While a trip to the playoffs won't be in the cards, there are still plenty of reasons to watch the young Cavs in their last dozen games, whether it be the development of young players, the send-off of some veterans or listening to the best announcing team in basketball, Fred McLeod and Austin Carr.
Here are 10 keys the Cavaliers need to focus on before the season wraps up and some reasons why you shouldn't be flipping the channel to baseball just yet.
After re-injuring his sprained right shoulder against the San Antonio Spurs last week, the Cavaliers announced that Irving would be shut down for the next seven to 10 days in order to give him proper time to heal.
The question is, why not give him more time?
According to a quote from the Associated Press, coach Byron Scott has considered shutting his young star down for the season, saying:
“We’ll see how he reacts in the next four or five days, with treatment and rest and we’ll go from there,” Scott said. “But yeah, I’ve given thought to it. I’ll be honest with you, I’ve definitely given thought to it.”
While it would be great to see Irving for a few more games this season, there is absolutely no point in rushing him back on the court if he's not close to 100 percent healthy.
Already a lock for NBA Rookie of the Year, the Cavs would be wise to rest Irving and prepare him for the 2012-2013 season.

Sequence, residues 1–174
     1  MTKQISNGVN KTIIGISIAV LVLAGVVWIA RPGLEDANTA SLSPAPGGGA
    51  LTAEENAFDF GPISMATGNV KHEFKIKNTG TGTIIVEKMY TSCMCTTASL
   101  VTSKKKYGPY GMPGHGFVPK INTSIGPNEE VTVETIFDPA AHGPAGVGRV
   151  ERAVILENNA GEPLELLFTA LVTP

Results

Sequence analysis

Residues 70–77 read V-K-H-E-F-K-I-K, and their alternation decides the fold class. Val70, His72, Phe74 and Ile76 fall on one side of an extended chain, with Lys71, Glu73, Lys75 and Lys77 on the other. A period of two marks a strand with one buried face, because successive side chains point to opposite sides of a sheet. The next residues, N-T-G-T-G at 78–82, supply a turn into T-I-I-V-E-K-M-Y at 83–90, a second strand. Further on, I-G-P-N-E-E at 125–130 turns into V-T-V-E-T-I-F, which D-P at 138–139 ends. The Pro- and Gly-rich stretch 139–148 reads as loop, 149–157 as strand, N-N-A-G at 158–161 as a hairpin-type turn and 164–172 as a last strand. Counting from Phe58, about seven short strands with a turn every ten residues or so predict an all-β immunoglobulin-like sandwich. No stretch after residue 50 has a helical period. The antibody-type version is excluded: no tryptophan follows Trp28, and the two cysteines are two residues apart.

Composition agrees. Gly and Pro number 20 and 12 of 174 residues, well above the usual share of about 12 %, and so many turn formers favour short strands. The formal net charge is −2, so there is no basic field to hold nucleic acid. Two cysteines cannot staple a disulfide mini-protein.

Les-sanity has officially hit Cleveland!
Lester Hudson has the name of a 70-year-old, but the game of a 20-year-old.
In his last five games, Hudson is averaging 14.8 points, 4.0 rebounds and 4.2 assists in 27 minutes a contest. His huge three-pointer at the end of regulation send the Cavs to overtime against the New Jersey Nets on Easter and forever cemented his spot in Cleveland sports history.
OK, so that might be a little over the top, but Hudson has earned himself a spot on the Cavs for the remainder of the regular season and a shot at making next year's team.
As of publication, his 10-day contract had run up, but don't expect Lester to be leaving Cleveland anytime soon.
On March 18 the Cavs turned over the starting center job to 6' 9" rookie Tristan Thompson.
So far, the results have been mixed.
In 13 games as a starter, Tristan is averaging 11.5 points and 7.8 rebounds a game. However, his performance has largely been affected by whoever his matchup has been for any given night.